Top | Sift
(article, Ashley Griffin Gartland)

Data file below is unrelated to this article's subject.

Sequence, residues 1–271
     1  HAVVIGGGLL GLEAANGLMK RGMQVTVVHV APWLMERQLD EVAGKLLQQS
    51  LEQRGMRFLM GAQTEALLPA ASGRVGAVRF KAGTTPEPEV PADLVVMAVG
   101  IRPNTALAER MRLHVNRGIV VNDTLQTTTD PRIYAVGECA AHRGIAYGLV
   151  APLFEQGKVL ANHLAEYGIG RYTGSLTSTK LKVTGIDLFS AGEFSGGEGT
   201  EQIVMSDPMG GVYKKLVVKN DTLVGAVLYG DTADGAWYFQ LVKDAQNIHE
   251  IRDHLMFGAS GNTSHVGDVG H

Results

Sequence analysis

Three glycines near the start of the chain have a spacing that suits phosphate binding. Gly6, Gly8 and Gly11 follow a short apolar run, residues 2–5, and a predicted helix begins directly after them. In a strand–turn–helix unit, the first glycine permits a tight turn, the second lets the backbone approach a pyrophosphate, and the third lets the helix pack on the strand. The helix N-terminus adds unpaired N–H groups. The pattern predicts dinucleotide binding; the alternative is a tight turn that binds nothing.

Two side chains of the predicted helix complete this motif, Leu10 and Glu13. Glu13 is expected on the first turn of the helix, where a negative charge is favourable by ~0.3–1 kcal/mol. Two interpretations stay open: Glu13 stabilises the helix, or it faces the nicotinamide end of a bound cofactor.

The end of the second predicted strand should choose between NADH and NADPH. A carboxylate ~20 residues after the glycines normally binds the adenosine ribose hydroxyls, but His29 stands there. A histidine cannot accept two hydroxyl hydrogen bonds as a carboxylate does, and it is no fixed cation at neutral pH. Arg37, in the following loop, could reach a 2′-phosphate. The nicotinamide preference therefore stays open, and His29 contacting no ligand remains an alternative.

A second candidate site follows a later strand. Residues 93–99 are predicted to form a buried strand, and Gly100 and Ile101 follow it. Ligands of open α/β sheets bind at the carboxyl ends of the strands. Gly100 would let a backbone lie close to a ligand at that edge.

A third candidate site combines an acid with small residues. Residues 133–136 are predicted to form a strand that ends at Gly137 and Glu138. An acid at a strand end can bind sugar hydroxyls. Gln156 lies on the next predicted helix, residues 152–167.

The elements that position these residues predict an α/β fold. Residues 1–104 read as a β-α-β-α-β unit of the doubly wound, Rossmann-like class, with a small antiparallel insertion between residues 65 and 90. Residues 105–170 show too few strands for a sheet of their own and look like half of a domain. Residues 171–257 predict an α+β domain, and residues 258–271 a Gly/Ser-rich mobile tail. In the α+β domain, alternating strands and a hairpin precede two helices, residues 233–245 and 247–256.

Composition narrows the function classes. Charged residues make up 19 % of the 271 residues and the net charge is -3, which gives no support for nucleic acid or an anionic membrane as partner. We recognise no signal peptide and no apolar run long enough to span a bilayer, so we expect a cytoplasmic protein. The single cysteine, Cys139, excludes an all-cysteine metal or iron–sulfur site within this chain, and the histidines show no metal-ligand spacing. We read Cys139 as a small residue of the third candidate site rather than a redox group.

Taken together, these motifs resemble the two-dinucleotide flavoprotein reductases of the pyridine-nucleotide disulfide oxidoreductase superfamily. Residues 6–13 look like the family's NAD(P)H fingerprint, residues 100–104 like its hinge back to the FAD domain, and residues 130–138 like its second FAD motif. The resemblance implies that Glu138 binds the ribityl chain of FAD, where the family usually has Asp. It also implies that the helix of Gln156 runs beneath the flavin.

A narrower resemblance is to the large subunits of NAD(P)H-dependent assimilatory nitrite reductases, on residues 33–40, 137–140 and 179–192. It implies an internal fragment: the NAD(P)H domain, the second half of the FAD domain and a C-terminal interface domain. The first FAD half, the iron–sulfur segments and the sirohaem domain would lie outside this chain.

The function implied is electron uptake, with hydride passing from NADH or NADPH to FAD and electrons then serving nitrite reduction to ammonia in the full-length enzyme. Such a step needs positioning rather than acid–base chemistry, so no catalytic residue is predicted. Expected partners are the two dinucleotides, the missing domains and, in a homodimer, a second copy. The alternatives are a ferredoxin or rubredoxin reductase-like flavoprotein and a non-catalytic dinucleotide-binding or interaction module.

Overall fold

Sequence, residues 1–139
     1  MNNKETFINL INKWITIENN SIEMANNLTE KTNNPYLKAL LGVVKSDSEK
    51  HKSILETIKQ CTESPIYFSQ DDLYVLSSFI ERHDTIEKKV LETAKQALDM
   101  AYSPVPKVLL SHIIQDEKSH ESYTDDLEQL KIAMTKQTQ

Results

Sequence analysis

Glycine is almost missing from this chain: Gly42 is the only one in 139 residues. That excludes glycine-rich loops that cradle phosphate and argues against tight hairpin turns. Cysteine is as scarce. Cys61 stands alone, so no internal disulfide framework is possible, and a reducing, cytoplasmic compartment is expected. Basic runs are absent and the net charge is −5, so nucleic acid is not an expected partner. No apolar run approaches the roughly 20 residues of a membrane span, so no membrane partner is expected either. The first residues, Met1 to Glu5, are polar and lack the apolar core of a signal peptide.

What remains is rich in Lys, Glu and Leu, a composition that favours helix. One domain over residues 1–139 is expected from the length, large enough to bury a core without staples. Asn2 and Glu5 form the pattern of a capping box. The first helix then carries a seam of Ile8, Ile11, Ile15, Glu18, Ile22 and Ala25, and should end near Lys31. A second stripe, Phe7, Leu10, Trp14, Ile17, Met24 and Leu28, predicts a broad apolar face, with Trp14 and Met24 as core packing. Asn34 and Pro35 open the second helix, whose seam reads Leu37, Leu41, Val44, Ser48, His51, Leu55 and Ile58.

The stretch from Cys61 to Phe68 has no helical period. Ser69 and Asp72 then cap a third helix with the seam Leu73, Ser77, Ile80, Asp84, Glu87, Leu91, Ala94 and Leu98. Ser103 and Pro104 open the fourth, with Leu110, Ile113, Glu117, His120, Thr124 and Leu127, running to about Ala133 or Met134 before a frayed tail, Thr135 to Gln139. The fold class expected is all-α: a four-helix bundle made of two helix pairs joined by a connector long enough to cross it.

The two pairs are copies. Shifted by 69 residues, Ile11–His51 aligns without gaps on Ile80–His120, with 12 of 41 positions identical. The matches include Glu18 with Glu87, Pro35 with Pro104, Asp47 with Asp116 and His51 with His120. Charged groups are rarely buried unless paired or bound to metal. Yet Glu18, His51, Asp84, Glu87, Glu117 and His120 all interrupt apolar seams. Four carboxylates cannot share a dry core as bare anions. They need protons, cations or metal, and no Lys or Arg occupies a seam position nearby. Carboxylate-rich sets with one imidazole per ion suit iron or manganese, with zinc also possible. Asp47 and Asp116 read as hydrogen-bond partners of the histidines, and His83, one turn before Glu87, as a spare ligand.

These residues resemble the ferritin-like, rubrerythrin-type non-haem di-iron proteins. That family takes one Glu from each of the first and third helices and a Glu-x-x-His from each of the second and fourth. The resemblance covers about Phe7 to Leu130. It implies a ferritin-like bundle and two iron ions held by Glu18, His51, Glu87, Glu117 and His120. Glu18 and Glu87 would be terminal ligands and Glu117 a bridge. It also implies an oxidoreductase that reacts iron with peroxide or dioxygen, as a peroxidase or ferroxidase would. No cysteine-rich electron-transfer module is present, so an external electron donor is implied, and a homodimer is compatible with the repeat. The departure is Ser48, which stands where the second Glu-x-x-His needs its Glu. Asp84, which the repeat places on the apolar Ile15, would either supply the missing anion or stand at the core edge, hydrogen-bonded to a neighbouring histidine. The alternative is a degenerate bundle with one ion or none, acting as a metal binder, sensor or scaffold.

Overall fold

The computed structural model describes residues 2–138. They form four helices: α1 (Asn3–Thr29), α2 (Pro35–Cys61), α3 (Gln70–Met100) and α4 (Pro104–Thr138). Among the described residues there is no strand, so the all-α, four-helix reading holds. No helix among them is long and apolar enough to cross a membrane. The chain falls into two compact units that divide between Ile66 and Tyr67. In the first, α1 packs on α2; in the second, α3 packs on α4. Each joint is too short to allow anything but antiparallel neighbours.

It might be that depressing movie you're watching. Or your jitters over tomorrow's important meeting. Or the fact that your ex is getting married and you're, well, not. Any way you look at it, stress can drastically alter your food habits. According to several studies conducted at Cornell University, your mood can affect not just what but how much you eat. For example, in one study the Cornell researchers recruited 38 administrative assistants to watch either an upbeat, heartwarming movie (in this case, "Sweet Home Alabama") or a sad, depressing one ("Love Story," natch). On hand during the screeings were both hot, buttered, salty popcorn and seedless grapes. Cornell professor Brian Wansink, author of the recent book [%amazonProductLink asin=0553804340 "Mindless Eating: Why We Eat More Than We Think" newpage=true], found that viewers who had watched the downer film had eaten 36 percent more popcorn than those who had watched the peppy film. His conclusion? Most people aren't as nutritionally or portion-savvy when a sad or bad mood strikes. Chronic stress can also lead to a general loss of appetite. But whatever our fight-or-flight responses to stress may be, we all need to adjust our eating habits accordingly.